(ED. Six years prior to presentation, he had undergone successful ASO treatment using a 36-mm Amplatzer device at another hospital. No complications due to ASD had been reported. The defective foramen was 29.5 × 27.0 mm2, the aortic rim was not deficient, and the superior rim was floppy. No problems occurred during the annual follow-ups.

Clinical findings on hospital admission

Circulation spontaneously returned during transport. On arrival at the ER, he was intubated hypotensive with metabolic acidosis (lactate, 5.4 mmol/L; HCO3-,16.0 mEq/L; base excess, -7.6 mEq/L). Echocardiography showed pericardial effusion; contrast-enhanced computed tomography demonstrated no evidence of aortic dissection or extravasation of contrast medium from the myocardium or great vessels such as the aorta (Fig. 1). Pericardial drainage was performed because he sustained a hemodynamically unstable status due to pericardial effusion. After 300 mL of bloody effusion was discharged, the patient’s condition improved substantially, but substantial blood drainage from the pericardial sac persisted. The patient was immediately transferred to the operating room, where surgical repair was performed.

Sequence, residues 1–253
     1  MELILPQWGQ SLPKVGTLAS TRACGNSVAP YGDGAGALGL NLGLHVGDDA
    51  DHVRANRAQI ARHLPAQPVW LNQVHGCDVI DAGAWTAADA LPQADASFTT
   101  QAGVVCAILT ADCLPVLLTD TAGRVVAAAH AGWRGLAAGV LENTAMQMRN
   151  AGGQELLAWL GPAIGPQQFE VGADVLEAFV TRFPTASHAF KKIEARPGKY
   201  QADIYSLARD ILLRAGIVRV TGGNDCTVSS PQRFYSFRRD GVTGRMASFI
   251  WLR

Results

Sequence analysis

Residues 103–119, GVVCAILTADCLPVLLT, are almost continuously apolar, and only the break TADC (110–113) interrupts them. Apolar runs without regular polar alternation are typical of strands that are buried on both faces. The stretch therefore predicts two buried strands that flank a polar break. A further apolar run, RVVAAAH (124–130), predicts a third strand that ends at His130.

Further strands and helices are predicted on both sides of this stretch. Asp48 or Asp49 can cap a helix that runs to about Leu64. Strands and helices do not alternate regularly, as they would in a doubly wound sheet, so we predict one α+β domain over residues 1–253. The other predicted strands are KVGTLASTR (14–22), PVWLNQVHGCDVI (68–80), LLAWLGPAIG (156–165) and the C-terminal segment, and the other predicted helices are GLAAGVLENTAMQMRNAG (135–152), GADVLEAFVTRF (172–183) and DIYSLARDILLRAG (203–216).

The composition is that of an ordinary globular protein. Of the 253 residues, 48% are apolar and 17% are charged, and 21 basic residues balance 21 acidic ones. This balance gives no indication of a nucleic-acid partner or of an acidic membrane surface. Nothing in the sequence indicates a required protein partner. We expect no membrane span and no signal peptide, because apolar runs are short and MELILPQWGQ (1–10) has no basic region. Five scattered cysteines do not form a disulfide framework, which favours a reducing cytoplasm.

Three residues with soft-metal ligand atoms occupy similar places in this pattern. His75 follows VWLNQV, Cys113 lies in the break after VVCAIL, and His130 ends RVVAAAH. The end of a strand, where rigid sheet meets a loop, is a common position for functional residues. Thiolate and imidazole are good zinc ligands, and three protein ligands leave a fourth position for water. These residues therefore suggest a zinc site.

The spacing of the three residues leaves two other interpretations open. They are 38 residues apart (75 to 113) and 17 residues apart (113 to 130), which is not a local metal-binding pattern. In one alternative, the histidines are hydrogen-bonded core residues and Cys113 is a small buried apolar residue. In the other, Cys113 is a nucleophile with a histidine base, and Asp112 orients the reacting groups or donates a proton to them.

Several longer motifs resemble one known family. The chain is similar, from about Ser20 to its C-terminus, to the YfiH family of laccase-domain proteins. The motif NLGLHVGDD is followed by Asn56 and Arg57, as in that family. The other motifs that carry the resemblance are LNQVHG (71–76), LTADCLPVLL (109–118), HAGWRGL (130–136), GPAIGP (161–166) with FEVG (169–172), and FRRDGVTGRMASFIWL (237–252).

The chest was opened through a midline sternal incision. While searching for the left atrial dome and the root of the aorta around the ASO device, the chord-like tissue had partially injured the left atrial dome, and hemorrhage was observed. Resection of the chordae revealed a fistula, which was diagnosed as ASO-induced erosion. There was no apparent extracardiac prolapse of the device, and an autologous pericardial patch was formed at the same site to reinforce the left atrial wall. The aortic wall was directly sutured and repaired (Fig. 2). During the operation, hemodynamic improvement was observed with an increase in systemic blood pressure, and acidosis was normalized without cardiopulmonary bypass.